One year. A standard unit of time – 12 months; 52 weeks; 365 days. It doesn’t change a great deal, bar the gradual drift that passes unacknowledged for three years and is then clawed back on that leap year bonus day.
Yet it strikes me that what is a fairly mundane unit of historical accounting can be met with such contrasting expectations or anticipation as we progress through the seasons of our lives. Let me therefore present a lifetime chronology in terms of how we may view the impending ‘one year…’
Age 3: time has no real concept outside of the present. The forthcoming year utilises precious little emotional or intellectual energy as it simply does not exit. I am hungry. I want to play in the garden. That boy is playing with the digger I want to play with. Simple.
Age 9: a year at this stage appears to be an incomprehensible wilderness, an inaccessible expanse of time. What’s it like being eight? Absolutely no idea. It was so long ago when I was as babyish as an eight year old. Did you know that some of them still believe in Father Christmas?! I can’t wait to be 10, to be in double figures like those bigger boys in year 6. I wonder what it’s like to be 10, to be that grown up?
Age 13: anxiety. One year = 365 days of angst, primarily in the increasing deficit in height noticed by myself compared to the bigger boys who have hair on their legs and clearly more than dabble with a razor. When will the hormones kick into action? I don’t ask for much, but this time next year I must have at least 5 black hairs on my upper lip and be taller than my mum.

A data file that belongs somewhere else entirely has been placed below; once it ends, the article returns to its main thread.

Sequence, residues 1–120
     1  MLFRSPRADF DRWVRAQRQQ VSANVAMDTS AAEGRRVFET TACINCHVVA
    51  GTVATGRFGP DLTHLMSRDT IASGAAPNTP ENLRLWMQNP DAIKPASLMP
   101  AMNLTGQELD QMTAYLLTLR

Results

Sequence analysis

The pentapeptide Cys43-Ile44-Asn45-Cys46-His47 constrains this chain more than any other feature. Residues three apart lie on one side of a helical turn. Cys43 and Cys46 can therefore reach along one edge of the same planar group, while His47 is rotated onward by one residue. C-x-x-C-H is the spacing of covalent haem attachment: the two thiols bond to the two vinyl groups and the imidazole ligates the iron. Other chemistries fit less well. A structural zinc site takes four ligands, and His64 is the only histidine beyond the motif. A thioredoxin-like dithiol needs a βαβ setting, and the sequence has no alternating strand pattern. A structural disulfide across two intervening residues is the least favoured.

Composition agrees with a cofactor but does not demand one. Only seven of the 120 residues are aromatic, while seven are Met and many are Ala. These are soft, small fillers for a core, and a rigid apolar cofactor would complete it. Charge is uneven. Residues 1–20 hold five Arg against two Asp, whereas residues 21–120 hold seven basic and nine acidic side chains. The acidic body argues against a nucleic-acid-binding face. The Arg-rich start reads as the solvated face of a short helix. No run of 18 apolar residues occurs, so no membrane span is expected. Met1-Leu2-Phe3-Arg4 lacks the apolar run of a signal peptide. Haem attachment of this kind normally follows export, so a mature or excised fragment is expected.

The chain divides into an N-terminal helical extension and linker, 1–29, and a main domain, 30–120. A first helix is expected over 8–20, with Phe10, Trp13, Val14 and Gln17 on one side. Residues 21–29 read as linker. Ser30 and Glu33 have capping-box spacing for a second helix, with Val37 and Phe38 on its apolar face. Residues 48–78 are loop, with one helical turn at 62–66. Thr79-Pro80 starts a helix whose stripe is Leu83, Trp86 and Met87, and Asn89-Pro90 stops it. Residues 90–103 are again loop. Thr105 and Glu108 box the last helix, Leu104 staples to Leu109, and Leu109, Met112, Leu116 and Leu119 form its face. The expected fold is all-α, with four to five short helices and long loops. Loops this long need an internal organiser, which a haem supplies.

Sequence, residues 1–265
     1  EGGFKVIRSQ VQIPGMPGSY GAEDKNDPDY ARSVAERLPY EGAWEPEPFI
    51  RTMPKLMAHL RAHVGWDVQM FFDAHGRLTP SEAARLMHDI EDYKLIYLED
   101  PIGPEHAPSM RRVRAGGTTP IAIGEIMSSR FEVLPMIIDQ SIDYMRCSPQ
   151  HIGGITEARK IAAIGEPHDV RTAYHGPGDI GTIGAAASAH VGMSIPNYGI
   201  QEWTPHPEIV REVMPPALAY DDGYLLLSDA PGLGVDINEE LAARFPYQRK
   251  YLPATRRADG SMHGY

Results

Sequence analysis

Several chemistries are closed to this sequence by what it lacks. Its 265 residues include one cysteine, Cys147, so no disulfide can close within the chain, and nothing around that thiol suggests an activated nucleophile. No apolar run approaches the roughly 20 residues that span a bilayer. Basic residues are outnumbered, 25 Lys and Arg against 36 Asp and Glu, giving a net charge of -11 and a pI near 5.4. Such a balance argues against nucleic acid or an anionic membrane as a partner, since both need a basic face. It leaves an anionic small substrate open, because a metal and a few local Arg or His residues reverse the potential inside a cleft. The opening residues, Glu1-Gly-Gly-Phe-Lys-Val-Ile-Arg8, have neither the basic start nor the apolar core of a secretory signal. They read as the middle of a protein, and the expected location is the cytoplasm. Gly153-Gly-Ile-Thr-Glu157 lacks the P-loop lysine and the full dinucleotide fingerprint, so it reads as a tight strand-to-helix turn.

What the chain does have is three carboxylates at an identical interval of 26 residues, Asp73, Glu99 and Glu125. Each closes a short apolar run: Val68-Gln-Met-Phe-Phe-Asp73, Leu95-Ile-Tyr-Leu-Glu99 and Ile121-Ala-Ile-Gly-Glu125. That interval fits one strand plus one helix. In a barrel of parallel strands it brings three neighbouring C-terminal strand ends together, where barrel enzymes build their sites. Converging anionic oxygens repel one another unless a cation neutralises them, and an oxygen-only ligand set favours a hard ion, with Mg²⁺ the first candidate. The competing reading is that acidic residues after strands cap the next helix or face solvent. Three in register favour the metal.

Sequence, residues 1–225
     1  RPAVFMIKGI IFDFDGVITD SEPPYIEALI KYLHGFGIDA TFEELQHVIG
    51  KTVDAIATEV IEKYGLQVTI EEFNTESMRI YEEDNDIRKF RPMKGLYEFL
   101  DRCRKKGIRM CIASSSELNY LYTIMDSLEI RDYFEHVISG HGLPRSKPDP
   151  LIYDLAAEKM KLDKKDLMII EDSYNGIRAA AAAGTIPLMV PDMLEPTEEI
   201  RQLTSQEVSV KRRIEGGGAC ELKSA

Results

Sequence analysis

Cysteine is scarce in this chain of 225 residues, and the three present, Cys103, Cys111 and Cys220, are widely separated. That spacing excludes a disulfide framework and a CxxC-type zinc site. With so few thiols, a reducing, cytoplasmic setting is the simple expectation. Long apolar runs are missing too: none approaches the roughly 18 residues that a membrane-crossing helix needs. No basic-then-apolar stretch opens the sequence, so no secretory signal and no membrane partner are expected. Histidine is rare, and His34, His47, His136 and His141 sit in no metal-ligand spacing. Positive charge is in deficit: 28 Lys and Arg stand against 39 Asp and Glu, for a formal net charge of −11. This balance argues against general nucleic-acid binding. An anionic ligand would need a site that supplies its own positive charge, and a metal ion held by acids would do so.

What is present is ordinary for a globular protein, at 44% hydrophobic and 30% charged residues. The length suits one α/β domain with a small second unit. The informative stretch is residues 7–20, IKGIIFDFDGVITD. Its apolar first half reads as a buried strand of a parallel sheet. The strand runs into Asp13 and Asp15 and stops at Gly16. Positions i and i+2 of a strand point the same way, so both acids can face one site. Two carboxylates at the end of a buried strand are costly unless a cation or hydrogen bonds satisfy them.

Age 17: looking forward to the coming year sees one word stamped all over it: FREEDOM! With an increasingly feverish impatience, I look forward to shackles of school, lifts by mum and alcohol licensing being broken off as I sprint towards the green pastures of university. The only thing that stands in my way is the (thankfully shrinking) barrier of time. Only 364 days and 23 hours to go…
Age 25: progress. Onwards and upwards. Time is money. The markets never sleep, so why should I? One year means promotion which means bonus which means deposit on a house. Time is an onwardly upward slope. Thank goodness I’m invincible.
Age 38: One year? I don’t even have time to think about now, let alone the future. Drop the kids off, work, afternoon clubs, dinner on the table. Hang on, which school will they go to when they finish primary next year? Ahhhhhhhhhhhhhhhh, they might end up in the local dive. How long do we have to move catchment areas? One year?
Age 59: a slow uphill walk towards the horizon of retirement, with the promise of pottering in the vegetable patch. A year is an increasingly drawn out stretch which can’t come soon enough. For some reason my wife fails to approach it with such anticipation.
Age 85: a period of long-sightedness, the forthcoming year uncertain, the preceding year a black hole, twenty-five years ago clear as crystal. The seconds of the year are clearly demarcated by the tick-tick-tick in my living room. Will I be here next year? Was I here last year? It’s all such a muddle. What a joyful summer it was in’99. Sorry who are you?
“All men are like grass, and all their glory is like the flowers of the field; the grass withers and the flowers fall, but the word of the Lord stands forever.” Isaiah 40:6-8